Last year, I received a flu shot for the first time ever. I didn’t do this because I had a sudden fear of contracting the seasonal malady — with social distancing across last year, it was significantly less likely — but because, amid the regulations around the COVID-19 pandemic, it became a requirement for volunteering at the local AdventCare aged care home.
As restrictions have allowed, I have been speaking for occasional worship services or leading out in-house church programs. I wanted to continue to do this as a small act of service and interact with these older and valued members of our Warburton church and community.
It made sense as a public health rule and didn’t seem a big deal — until I talked to the chaplain at the aged care home and then to chaplains at a couple of other Adventist senior care facilities around Australia. They reported that more than half of their regular volunteers had dropped off their rosters — a number of pastors who would otherwise have been visiting older church members were no longer coming. Even some Adventist families refused to visit their family members, all because of their unwillingness to have the flu vaccine.
“If you make something like this mandatory, some people will resist,” one chaplain commented. “But this isn’t a logical stance. This is for the health of our residents and our community. Staff who are non-Adventists are puzzled by the Adventists’ reluctance to cooperate with this simple health requirement, and it is embarrassing to try to explain it to them.”
Enough of this nonsense! When our suspicion, fear, and self-concern get in the way of caring and ministering, we have a problem. The past year has been a fevered breeding ground for conspiracy thinking, with tragic results for the church and the wider world. But we are called to live higher, be rational and disciplined in our thinking, reject fear, and choose love (see 2 Timothy 1:7).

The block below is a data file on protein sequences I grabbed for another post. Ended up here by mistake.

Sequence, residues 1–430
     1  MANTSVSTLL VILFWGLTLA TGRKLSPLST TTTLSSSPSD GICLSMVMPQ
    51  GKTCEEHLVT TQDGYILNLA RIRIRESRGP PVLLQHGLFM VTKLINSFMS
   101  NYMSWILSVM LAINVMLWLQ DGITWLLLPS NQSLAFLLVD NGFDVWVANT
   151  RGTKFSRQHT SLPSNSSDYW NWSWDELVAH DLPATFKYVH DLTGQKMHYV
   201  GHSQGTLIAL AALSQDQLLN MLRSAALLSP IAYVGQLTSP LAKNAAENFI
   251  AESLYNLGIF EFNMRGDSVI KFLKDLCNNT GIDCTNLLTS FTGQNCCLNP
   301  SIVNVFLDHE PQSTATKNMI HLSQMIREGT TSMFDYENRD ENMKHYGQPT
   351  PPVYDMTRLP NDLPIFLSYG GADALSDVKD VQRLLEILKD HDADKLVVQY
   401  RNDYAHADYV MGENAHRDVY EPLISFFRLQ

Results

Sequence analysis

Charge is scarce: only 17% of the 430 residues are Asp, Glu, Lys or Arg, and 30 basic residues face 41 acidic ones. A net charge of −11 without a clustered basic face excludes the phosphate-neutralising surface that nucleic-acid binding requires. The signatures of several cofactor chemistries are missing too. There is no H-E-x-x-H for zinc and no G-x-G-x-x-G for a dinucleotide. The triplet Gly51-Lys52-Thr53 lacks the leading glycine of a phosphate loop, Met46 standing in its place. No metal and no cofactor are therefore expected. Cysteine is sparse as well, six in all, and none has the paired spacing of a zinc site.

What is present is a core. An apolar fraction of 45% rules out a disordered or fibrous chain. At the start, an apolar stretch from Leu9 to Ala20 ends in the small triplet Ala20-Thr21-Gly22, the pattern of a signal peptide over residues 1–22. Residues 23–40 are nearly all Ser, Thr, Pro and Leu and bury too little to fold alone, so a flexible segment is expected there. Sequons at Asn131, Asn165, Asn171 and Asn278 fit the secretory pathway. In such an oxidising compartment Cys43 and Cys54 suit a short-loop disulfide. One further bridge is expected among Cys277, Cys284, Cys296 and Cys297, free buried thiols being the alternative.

Jesus taught that the second great commandment was to “love your neighbor as yourself” (Matthew 22:39). He said this is equally as important as loving God, and the whole of our faith hangs on these two commands. If a needle is a small part of loving our neighbor, particularly when serving the elderly and vulnerable, this isn’t a hard question. For all of us — pastors caring for the wellbeing of those they minister to as their job, and the rest of us in whatever context we serve and interact — basic public health precautions should be a bare minimum.
A few weeks ago, I was offered the COVID-19 vaccine as a volunteer in aged care. Not to “jump the queue,” not that I am fond of needles, not because I am overly concerned about the virus for my own health — although I know a number of people my age around the world who have been hospitalized because of it — but so that I can continue to serve as safely and fully as possible, I lined up for the vaccine. Even if there is a small risk to me,* this risk is worth taking to protect and care for others and contribute to the greater wellbeing of our community.
I wish that the curious questions people in our communities asked about Adventists were about the risks we take to love others, not the fear we swallow and spread. I wish those who traffic in conspiracies and misinformation were held accountable for the real damage they do. I wish we would choose to love others first — the core, righteous business of the kingdom of heaven (see Matthew 6:33) — and trust God to take care of the rest of our lives.
* For an informed discussion of the health, science, legal, and faith issues around the COVID-19 vaccines, see Loma Linda University’s “Vaccines and the Faithful: Religious Liberty and the Common Good: Religion & the Law Forum,” which took place on February 27, 2021.